Having swum halfway to the Kenyan island of Lamu, I realised I might have miscalculated. The guidebook said it was ‘do-able’ and I’d wanted to impress my wife. However, years of Netflix, Pringles, and Reese’s Pieces had taken their toll. It was a bad decision. Exhausted and panicking, I thought of my family and friends – and I thought of my childhood hero. What would the Doctor do? The response which flashed into my mind as I flailed pathetically about the Indian Ocean wasn’t his epic victories over Davros or the Master but his ridiculous near-demise in Dragonfire.

For those who haven’t seen the 1987 adventure, the Seventh Doctor is exploring Ice World looking for the legendary Dragon. It’s a good tale, notable for the introduction of companion Ace and a startlingly gory special effect. It is also features a notorious cliffhanger. At the end of Episode One, the Doctor inexplicably lowers himself over the side of a cliff and dangles moronically from his umbrella.

Doctor Who fandom (whose divides are as ferocious as Brexit) seems in rare agreement that Dragonfire Episode One is amongst the dumbest cliffhangers in Doctor Who history. It features regularly in ‘worst of’ cliffhanger rankings by fans and fanzines. Some consider it a parody of the genre.

Yet this cliffhanger has been done a grave injustice. It features extreme peril and doses the audience with the critical question; ‘What happens next?’ In short, it does the job. Watching as a child, it was deeply distressing and horribly realistic. The Doctor could have perished (we have seen the Doctor fall to his death before). Surely my vertigo is directly related to this episode (thanks BBC). It’s definitely more memorable than the dull non-cliffhanger of Episode Two where the icy villain Kane stares at the camera and says something villainy. Remember it? Of course you don’t.

What riles fans is the total lack of narrative sense. Criticism is barraged at the production team who themselves savage it in DVD extras. Script Editer Andrew Cartmel still seems sorely vexed that a scripted explanation – whereby the Doctor attempts to circumvent a blocked path – was omitted from filming. Director Chris Clough describes it as a “complete cockup”. Writer Ian Briggs pinpoints the scene as the one thing he’d change.

All of which is a real shame because if we only use our imagination, plausible narrative explanations are in abundance. Imagination is of course a necessity for us Doctor Who fans who enjoy an ambitious science fiction show with routinely ropey science and Poundland production values.

For instance, the Doctor’s actions are due to his unpredictable persona. The Seventh is a man of contradictions: a clown, a fanatic, an entertainer, a genocidaire. Gone is the confident certainty of earlier (and future) incarnations and in comes utter randomness. On top of this, the early post-regeneration Seventh Doctor is certifiable. Scale a cliff for no discernible reason? Of course! Little wonder so many of the Seventh Doctor’s opponents suffer anxiety issues: they don’t know whether he’ll break into song, hurl himself off a building, or trick them into annihilating their own worlds. He talks at least three of his opponents (including villain Kane from this story) into a panic attack induced suicide.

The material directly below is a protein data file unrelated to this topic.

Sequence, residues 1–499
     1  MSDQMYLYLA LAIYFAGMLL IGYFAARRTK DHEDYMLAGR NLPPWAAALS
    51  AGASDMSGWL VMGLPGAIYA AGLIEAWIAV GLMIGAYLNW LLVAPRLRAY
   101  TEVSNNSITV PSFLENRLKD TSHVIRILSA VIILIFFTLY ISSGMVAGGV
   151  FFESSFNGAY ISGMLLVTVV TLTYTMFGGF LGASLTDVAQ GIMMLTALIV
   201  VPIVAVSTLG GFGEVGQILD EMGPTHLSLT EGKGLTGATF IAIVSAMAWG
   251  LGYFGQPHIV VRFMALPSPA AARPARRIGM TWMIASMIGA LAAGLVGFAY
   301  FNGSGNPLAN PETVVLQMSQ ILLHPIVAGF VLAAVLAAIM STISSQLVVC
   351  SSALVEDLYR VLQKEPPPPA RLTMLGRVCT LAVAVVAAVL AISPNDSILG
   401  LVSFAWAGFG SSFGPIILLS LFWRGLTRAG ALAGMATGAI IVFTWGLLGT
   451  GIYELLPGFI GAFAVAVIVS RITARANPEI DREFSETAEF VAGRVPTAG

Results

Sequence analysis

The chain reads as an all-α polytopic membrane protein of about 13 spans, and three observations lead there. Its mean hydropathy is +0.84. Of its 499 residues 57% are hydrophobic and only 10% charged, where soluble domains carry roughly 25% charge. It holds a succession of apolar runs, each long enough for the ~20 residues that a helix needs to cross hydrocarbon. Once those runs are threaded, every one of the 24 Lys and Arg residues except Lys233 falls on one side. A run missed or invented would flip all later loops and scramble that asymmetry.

Or perhaps his actions are more along the lines of the legendary ‘Cartmel Masterplan’. This is no ordinary Timelord. Nothing is random and everything is planned for he is the master manipulator. Time and again the Seventh Doctor tricks friends and foes for his own gain. His predicament on Ice World was a massive deception. Think about it. We learn from Episode Two (Spoilers!) that the drop wasn’t actually that far. He was in no real danger besides a broken leg or two. Yet his ‘rescue’ by his uneasy ally Sabalom Glitz elevates the Doctor to Glitz’s confidant, resulting in Glitz sharing his schemes and actually giving the Doctor the map to the Dragon whose brain-energy-crystal-treasure thing (it gets a bit weird) saves the day. Coincidence? I think not.

Credible though this seems, I subscribe to the following. The Doctor was in genuine jeopardy. We know this because in the 2013 episode The Name of The Doctor Eleventh Doctor companion Clara Oswald infiltrates the Seventh Doctor’s timestream to this very incident and (assumedly) instigates his rescue, just as she saved the Doctors other incarnations from certain death.

And so the more mundane explanation for his climb. It is simply this. The Doctor made a mistake. He needed to descend the cliff and thought he could climb. He wanted to climb. He was giddily excited to explore the catacombs earlier on in the episode. See his little face light up when he starts his foolhardy descent. He’s loving it. Perhaps climbing Ice World was on his bucket list. His Lonely Planet said it could be done. Maybe Mel egged him on offscreen. He just miscalculated and made a bad decision. It won’t be the last during his tenure. And refreshingly so. I’m tired of living in the shadow of know-it-all Doctors. The Seventh Doctor’s screw-ups makes me feel better about myself.

Whatever explanation you conceive, I think Sophie Aldred (Ace) nails it in her defence of the cliffhanger on DVD extras as “pure McCoy”. This wonderful scene is pure Seventh Doctor if we open our minds, and we shouldn’t change it for all the world.

As for my swimming adventure? Luckily I had my own Sabalom Glitz to rescue me (a boatman who realised I was a twit and monitored me from afar). All I lost, as a small excited crowd greeted me on the shore, was my dignity and my swimming trunks. The two are related.

So things could have been worse, Doctor. And wouldn’t that have changed the tone of this cliffhanger

This article was written by Michael Ridgway
Michael is a lover Doctor Who and terrible movies. High-5 Michael Ridgway on Twitter and say hi from us: @Bad_Movie_Club